All is not quiet on the Western front. For poet Frank X Walker, there are voices that still need to be heard, and he wants to bring them to life.
At 10:45 a.m. today in the Amphitheater, Patrick Griffin, chair of the history department at Notre Dame University, will kick-start Week Five’s theme of “The American West” with a lecture titled “America as Frontier: A View Of Our Past.”
What does the frontier mean for America? We have been told for generations that understanding it is fundamental for coming to terms with white American identity. It helped foster certain sensibilities that can explain individualism, relations to the state, and understandings of other groups.
The Chautauqua Writers’ Center workshops for Week Five will center on heightening emotions, the basics of poetry and playwriting.
Chautauqua Institution lecture platforms, artistic programs explore American expansionism in Week Five
Playwright Molly Smith Metzler thinks that every person has a great idea deep down inside — one that might be a secret.
Let’s be candid. How Chautauqua Institution will lasso “The American West,” the theme for 2014’s Week Five, is, from the vantage of this season’s fifth week, a work in progress. But this sprawling theme — which will pursue the nation’s artistic, cultural, political and economic gains from Westward expansion — presents many possibilities.
Anthony M. Kennedy, associate justice of the Supreme Court of the United States, will offer remarks on the Week Five theme, “The Pursuit of Happiness,” in a special lecture at 3:30 p.m. today in the Hall of Philosophy.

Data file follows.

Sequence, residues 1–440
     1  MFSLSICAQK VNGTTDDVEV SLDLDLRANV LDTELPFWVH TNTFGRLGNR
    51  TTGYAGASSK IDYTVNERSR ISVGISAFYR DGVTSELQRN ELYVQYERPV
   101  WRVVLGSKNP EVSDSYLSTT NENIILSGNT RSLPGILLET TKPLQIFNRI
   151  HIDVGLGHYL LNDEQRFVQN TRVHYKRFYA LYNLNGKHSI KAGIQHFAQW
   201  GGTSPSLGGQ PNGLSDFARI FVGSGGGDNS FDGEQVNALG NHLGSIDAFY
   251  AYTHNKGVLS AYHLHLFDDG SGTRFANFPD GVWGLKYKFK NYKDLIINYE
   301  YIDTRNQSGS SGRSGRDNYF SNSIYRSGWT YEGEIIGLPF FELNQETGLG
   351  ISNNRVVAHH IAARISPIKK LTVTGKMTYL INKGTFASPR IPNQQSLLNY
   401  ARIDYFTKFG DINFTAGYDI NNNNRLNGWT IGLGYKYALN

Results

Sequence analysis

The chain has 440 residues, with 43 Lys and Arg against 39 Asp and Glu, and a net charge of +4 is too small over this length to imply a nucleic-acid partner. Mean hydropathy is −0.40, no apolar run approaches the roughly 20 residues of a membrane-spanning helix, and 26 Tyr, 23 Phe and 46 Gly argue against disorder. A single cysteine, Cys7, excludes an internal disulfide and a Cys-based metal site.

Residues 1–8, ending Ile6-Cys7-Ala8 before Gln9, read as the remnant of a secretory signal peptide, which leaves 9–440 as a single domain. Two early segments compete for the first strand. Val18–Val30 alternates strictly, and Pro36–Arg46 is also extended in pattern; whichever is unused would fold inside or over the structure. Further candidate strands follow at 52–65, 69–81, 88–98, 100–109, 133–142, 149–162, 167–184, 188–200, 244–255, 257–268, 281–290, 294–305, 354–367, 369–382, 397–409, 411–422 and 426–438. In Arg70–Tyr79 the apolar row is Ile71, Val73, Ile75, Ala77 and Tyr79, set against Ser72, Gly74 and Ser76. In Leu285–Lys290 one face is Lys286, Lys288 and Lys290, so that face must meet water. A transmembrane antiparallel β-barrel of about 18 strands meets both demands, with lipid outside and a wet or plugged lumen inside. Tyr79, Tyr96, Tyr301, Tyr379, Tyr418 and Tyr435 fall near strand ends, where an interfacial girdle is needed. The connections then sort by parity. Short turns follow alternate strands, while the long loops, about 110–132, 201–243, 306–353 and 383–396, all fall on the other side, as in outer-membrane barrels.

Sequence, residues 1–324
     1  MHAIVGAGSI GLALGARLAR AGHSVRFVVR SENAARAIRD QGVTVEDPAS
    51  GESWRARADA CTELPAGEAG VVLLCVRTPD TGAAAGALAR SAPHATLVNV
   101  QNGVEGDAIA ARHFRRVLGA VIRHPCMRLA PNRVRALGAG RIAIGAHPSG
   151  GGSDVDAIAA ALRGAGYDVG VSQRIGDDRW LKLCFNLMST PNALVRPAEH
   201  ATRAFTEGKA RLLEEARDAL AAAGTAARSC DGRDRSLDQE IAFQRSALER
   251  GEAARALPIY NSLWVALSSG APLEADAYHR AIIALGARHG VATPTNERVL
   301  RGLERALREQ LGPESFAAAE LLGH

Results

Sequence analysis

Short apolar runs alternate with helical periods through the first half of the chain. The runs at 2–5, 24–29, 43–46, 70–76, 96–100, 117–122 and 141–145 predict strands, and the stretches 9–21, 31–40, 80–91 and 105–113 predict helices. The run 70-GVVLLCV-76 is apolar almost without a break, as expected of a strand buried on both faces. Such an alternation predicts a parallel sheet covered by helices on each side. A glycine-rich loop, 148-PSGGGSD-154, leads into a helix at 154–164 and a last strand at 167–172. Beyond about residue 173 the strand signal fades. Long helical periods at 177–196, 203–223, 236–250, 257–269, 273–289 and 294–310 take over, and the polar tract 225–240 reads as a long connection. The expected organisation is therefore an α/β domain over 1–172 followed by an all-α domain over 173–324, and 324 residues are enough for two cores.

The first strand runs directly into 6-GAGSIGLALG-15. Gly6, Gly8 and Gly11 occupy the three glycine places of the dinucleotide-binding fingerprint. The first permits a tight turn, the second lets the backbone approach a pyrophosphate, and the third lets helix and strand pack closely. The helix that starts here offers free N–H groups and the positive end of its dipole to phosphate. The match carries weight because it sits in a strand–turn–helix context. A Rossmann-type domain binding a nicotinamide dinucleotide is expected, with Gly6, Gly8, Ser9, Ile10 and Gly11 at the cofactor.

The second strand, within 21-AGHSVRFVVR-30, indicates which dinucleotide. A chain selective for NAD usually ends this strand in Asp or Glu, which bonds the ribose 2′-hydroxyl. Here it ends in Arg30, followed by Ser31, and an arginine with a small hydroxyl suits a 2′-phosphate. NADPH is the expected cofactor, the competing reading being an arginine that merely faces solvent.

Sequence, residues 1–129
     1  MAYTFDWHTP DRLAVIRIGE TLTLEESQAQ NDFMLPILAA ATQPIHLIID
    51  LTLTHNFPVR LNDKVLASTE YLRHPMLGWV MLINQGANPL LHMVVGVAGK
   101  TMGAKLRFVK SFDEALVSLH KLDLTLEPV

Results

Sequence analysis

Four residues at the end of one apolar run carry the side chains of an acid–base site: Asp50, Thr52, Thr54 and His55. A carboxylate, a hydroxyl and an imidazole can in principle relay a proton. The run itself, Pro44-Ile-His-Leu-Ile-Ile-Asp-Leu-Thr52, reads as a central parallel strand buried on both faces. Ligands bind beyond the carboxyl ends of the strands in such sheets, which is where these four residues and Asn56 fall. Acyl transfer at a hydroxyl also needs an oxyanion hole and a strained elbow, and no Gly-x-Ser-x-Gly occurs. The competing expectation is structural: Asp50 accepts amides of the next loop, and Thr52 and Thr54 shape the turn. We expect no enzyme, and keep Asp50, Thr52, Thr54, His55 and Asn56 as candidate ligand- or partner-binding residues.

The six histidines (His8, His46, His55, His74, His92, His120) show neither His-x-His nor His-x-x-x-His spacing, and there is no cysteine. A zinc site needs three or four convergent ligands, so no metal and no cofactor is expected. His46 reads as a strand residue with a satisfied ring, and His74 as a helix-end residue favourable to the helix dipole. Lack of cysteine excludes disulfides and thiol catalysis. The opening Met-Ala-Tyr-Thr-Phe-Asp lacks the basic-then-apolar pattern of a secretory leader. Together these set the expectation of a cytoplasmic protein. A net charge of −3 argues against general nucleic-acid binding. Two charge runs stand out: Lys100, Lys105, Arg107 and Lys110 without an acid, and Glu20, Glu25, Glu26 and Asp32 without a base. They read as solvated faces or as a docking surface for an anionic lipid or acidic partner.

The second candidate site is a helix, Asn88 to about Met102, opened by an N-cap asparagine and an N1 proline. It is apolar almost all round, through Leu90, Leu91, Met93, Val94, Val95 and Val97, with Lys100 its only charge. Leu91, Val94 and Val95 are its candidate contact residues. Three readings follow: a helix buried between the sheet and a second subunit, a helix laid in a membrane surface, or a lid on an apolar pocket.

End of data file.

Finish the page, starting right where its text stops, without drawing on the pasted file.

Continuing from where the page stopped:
Nominated to the Supreme Court by President Ronald Reagan, Kennedy took his seat Feb. 18, 1988. In his 25 years on the bench, he has written the court’s majority opinion on many landmark cases, including United States v. Windsor in 2013, Citizens United v. Federal Election Commission in 2010, Kennedy v. Louisiana and Boumediene v. Bush in 2008 and Lawrence v. Texas in 2003.
At 2 p.m. today in the Hall of Philosophy, Hunter R. Rawlings III will have the chance to interview America’s third president firsthand. But before that, in a solo lecture at 10:45 a.m. in the Amphitheater, Rawlings will examine what led to Thomas Jefferson’s assertion, in the Declaration of Independence, of “the pursuit of happiness” as one of humankind’s “inalienable rights.”
Bill Barker, a professional Jefferson character-interpreter, will deliver a short Jefferson speech during Rawlings’ morning lecture and participate as an older Jefferson in the Hall of Philosophy conversation.
“I say yes to being chaplain in residence because Chautauqua is a wonderful place to be,” said the Rev. Barbara K. Lundblad, chaplain in residence for Week Five. “I am amazed that people come day after day to hear me preach. You can wear yourself out in this setting.”
Lundblad, the Joe R. Engle Professor of Preaching at Union Theological Seminary in New York City, will preach at the 10:45 a.m. Sunday morning worship service, which will also include Chautauqua’s annual Ecumenical Communion service. Celebrants for the service include Lundblad, the Rev. Joan Brown Campbell and the Rev. Terry W. Bull, of Amherst, N.Y. There will be 66 clergy and assistants serving the stations around the Amphitheater, 12 of whom will be from the New Clergy Conference.